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The DJI Mavic Air 2 is the latest in the line of Mavic quadcopters from DJI. It's folding design makes it impressively compact but introduces new challenges when worked on. We were keen to see how this latest Mavic drone was built, in particular how it compares to its bigger brother, the Mavic 2 Pro. As such we took the first drone to arrive at our warehouse out of the box and began our Mavic Air 2 Teardown to see how this drone really unfolds.
Please note : As ever the usual disclaimer applies. This is not intended to be an instructive guide for dismantling your drone, but more a documentation of our investigation into the architecture of the new quadcopter. We take no responsibility for any potentially warranty-invalidating work carried out on your Mavic by yourself, it is at your own risk.
Note: You can click on any of the images in this article to view them at a higher resolution
To dismantle the drone we used a combination of the following tools.
We also recommend having a divided screw tray on hand to manage the hardware and fixing that you remove.
Start by powering down the drone and removing the smart battery. Then remove the propellers from the drone, making sure you are familiar with which pairing mates to which set of motors (note the white markings on the centre. We also recommend removing any SD memory card you might have inside as well as the plastic gimbal transport dome cover.
With these out of the way we can start to dismantle the shell. Using a 1.5mm hex driver unscrew the four screws in the battery tray.
Flip the drone over and unscrew the six 1.5mm hex screws that secure the metal belly pan in place. One of ours featured a little rubber cap that needed to be removed before we could insert the driver. With those removed the metal piece can be carefully lifted off. The only connection is a sprung contact for the landing light.
Next we removed the three gimbal and camera connections to the mainboard. These three plugs are on the leading edge of the mainboard and access can be improved by first lifting the plastic guard out of the way. Using a spudger, free the left two connectors before pulling the power connector out of its plug.
Now is a good time to release the rest of the mainboard to ESC connectors. Work around the board carefully removing the five remaining push connectors alongside the two coaxial antenna connectors at the end of the board.
The downward facing sensor panel must be removed before the mainboard. Unscrew the two cross head screws and lift the metal piece straight up and off the board.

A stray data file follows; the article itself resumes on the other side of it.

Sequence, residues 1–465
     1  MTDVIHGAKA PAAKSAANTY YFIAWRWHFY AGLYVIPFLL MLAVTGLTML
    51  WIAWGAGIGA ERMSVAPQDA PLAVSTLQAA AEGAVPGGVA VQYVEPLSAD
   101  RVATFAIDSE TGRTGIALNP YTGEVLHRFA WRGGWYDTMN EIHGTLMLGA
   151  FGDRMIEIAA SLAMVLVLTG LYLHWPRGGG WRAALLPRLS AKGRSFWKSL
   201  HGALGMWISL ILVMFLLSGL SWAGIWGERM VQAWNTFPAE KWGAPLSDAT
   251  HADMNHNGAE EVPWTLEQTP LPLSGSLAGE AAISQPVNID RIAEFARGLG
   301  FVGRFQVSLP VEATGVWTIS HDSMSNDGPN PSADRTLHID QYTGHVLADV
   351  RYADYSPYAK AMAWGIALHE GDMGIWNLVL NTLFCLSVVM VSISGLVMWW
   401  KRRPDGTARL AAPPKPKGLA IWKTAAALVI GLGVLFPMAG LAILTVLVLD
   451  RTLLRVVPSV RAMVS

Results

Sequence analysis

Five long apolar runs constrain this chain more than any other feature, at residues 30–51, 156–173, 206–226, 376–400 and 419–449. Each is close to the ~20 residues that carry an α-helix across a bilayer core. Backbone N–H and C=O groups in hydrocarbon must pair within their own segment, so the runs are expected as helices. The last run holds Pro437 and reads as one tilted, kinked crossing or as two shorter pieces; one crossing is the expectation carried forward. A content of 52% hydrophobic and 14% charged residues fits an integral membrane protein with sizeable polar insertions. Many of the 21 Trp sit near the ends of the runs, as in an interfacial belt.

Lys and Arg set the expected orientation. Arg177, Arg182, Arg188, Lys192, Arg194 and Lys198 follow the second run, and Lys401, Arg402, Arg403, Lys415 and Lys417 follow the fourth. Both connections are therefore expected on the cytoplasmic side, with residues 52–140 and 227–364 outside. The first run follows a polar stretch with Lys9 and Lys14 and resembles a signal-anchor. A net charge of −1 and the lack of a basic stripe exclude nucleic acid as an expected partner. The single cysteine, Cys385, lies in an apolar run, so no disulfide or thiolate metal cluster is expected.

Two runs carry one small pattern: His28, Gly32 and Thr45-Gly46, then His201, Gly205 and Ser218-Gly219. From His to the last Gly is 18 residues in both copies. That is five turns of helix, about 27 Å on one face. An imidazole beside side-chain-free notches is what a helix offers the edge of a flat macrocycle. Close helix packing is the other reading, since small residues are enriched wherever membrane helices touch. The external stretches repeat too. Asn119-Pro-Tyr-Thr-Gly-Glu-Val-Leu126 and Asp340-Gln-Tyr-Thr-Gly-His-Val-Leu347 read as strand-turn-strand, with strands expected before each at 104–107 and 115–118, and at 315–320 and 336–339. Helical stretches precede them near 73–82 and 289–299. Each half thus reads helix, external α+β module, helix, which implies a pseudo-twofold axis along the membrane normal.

This simple lightweight composite piece holds both the downward facing sensors.
Using a long driver unscrew the two rear 1.5mm hex screws that secure the rear of the body
There are four remaining cross head screws on the outer edges of the board that will need to be removed. The board can then be lifted straight up, it is a tight fit so take your time and avoid levering it. The flex cable for the rear sensor can get stuck on the edge of the board but it is not electrically connected here.
Underneath, the motherboard features a large heat sink and fan unit.
With the motherboard removed the ESC and power distribution board is visible underneath.
With the three plugs disconnected from the mainboard, we can remove the gimbal and camera. With the drone on its back unscrew the four 1.5mm hex screws, turning the gimbal to gain access. There are a further two T5 torx screws at the leading edge of the mount that will need to be removed.
The camera and gimbal unit can now be carefully lifted out of the drone. In the past DJI have sold these as an entire replacement component, swapping it out could likely be completed in under 30 minutes.
Using a plastic pry tool, work around the nose piece working free the plastic clips. Once free it can be slid off of the front of the drone.
Flip the drone back upright where you will see two more 1.5mm hex screws atop the chassis, remove these. Flip the drone back over onto it's back and remove the two 1.5mm hex securing the access panels to the front leg hinges. Remove the covers and the 1.5mm hex screw that is revealed below it each side.